Andy had to act, but how? His answer came in the form a slim book he happened to pick up one day, "A Tale of Three Kings" by Gene Edwards.
The book explored the story of a biblical soap opera, the relationship between David and King Saul, Israel's first king. Saul descended into jealousy and paranoia because he was threatened by David. David eventually left King Saul's kingdom and abandoned the spoils that came with it.
Andy's eyes stopped on one line in the book:
"Beginning empty handed and alone frightens the best of men. It also speaks volumes of just how sure they are that God is with them."
That line clinched it for Andy. He would walk away from his father empty-handed -- no church, no salary, no health benefits.
He would turn his back on the unspoken dream.
Now he had to relay that message to his father.
That day remains vivid. He drove to his father's office filled with anxiety. When he saw his father sitting behind his massive desk, he knew he wasn't going to take it well.
"He was in his stern, commando mode," Andy says.
His father reacted by staring at him in silence. Then he accused him of joining his enemies.
He finally rose slowly from his desk, walked over and embraced him.
Both men cried before regaining their composure.
"It was really bad. It was horrible. But you know what? I had perfect peace," Andy says. "I've never been so sure of a decision even when the whole world blew up all around us."
Andy says he could not have stayed at his father's church, no matter how much money or fame he stood to gain.
"My dad taught me to be better than that," he says. "Seeing him get punched when I was in the eighth grade -- all that was clear to me. You trust God with all the consequences."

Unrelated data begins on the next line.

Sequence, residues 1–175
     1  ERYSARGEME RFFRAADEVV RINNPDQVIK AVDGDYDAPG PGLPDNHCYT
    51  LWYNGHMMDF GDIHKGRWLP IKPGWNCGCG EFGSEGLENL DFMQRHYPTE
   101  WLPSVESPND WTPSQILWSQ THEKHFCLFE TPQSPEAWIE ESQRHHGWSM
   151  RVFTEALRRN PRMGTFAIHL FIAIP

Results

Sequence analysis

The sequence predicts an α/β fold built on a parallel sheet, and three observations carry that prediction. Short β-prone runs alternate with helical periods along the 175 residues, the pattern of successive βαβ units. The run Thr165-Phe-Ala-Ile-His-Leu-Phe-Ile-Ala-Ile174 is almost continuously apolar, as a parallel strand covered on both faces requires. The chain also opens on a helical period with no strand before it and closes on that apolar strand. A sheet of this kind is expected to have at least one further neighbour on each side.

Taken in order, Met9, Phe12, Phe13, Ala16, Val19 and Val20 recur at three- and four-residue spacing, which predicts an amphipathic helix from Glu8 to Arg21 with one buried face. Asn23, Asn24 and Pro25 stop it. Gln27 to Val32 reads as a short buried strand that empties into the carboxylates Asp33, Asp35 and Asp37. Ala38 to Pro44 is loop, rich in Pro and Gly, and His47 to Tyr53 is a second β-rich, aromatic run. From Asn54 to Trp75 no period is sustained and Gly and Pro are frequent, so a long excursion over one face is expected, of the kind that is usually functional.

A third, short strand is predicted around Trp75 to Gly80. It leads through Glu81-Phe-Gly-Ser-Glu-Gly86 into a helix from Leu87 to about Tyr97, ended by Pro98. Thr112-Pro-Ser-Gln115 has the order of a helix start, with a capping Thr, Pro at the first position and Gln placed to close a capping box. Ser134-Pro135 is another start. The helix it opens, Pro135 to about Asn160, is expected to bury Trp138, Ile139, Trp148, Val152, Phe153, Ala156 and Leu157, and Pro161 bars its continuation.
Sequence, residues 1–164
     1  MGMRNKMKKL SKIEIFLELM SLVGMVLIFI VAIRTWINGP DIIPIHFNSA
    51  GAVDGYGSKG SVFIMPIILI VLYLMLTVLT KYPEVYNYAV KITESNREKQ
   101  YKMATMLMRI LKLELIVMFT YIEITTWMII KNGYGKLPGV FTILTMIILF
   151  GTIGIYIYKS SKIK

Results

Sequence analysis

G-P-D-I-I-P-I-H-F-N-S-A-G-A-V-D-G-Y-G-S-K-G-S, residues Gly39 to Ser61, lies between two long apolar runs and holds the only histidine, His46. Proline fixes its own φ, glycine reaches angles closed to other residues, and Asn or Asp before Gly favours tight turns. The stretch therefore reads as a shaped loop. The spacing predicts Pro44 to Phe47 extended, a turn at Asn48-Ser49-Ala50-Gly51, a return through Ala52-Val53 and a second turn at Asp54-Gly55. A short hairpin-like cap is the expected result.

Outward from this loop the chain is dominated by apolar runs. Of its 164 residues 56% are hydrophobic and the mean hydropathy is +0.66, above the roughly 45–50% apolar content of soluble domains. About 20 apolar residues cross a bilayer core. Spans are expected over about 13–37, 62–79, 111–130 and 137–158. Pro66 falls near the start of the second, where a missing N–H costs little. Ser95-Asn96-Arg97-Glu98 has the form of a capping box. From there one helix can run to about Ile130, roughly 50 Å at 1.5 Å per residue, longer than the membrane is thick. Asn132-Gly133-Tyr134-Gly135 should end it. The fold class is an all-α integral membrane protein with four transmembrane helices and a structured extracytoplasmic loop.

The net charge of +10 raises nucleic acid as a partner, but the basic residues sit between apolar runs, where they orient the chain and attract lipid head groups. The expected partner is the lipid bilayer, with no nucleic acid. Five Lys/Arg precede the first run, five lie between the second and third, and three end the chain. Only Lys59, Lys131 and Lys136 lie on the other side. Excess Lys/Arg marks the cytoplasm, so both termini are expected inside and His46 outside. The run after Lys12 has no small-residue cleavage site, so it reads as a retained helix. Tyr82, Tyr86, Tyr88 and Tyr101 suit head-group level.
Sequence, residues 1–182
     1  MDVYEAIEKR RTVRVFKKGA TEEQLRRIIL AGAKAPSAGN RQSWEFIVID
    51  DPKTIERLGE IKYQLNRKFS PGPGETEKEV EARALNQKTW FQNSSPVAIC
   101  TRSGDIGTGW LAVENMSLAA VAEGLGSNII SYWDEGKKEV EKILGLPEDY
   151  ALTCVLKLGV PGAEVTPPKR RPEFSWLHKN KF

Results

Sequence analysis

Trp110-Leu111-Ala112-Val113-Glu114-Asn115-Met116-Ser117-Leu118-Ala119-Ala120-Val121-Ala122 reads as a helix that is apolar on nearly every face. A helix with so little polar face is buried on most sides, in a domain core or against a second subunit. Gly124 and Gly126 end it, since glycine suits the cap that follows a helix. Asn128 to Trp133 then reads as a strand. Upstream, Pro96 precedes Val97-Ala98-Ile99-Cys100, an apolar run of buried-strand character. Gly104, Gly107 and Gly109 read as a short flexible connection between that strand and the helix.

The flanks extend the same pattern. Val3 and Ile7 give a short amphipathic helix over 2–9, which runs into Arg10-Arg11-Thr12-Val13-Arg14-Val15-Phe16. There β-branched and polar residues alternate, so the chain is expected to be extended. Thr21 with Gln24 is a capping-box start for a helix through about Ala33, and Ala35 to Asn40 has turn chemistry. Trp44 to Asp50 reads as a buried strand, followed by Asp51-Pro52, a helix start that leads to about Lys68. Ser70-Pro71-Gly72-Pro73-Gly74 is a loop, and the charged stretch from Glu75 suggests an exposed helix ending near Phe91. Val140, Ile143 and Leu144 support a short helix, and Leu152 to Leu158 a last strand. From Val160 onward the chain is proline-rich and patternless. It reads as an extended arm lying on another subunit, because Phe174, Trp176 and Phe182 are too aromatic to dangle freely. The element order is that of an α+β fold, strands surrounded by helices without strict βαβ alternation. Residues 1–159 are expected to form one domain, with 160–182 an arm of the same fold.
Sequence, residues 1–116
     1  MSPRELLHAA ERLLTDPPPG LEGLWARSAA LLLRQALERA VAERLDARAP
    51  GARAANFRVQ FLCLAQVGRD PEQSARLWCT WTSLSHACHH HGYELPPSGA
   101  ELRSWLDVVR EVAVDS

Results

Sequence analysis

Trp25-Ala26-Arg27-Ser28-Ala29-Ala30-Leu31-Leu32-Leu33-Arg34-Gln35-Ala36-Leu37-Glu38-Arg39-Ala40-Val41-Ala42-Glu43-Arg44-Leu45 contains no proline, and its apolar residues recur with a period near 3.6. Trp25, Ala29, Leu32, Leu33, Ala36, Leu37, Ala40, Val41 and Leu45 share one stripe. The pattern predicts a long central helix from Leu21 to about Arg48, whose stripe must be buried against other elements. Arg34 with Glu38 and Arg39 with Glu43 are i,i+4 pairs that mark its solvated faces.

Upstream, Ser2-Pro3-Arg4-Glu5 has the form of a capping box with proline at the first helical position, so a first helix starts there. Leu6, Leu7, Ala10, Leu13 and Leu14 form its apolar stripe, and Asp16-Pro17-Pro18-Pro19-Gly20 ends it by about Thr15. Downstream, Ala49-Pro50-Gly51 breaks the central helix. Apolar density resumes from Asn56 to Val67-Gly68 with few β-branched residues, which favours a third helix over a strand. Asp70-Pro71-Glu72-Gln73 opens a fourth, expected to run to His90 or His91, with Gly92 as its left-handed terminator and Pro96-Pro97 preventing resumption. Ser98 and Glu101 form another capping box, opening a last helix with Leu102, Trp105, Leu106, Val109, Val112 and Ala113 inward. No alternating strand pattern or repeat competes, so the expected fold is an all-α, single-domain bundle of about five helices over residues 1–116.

News of Andy's resignation spread.
Reggie Joiner was on First Baptist's staff at the time. He would later help found North Point and now runs Orange, a nonprofit that teaches churches how to reach and keep young people. He remembers meeting with Charles after his son resigned.
"I sat in his office for two hours and he talked about Andy being his legacy," Joiner recalls.
Later, he called another leader at First Baptist to tell him that Andy had resigned. The stunned church leader said he had never heard of a young pastor walking away from such a prominent ministry.
The man paused before finally telling Joiner:
"I think I could follow that guy anywhere."
Communion over chips and salsa
Charles Stanley was alone. His marriage was ending. Pastors were publicly calling for him to step down. People within his church were trying to get rid of him.
His enemies were coming after him, and his son wasn't stepping in front of his father to meet the blows.
That's how Charles saw it. He says his son could have prevented some of that pain. He was the one person who could have stopped the congregation from calling for his divorce because he had earned so much respect.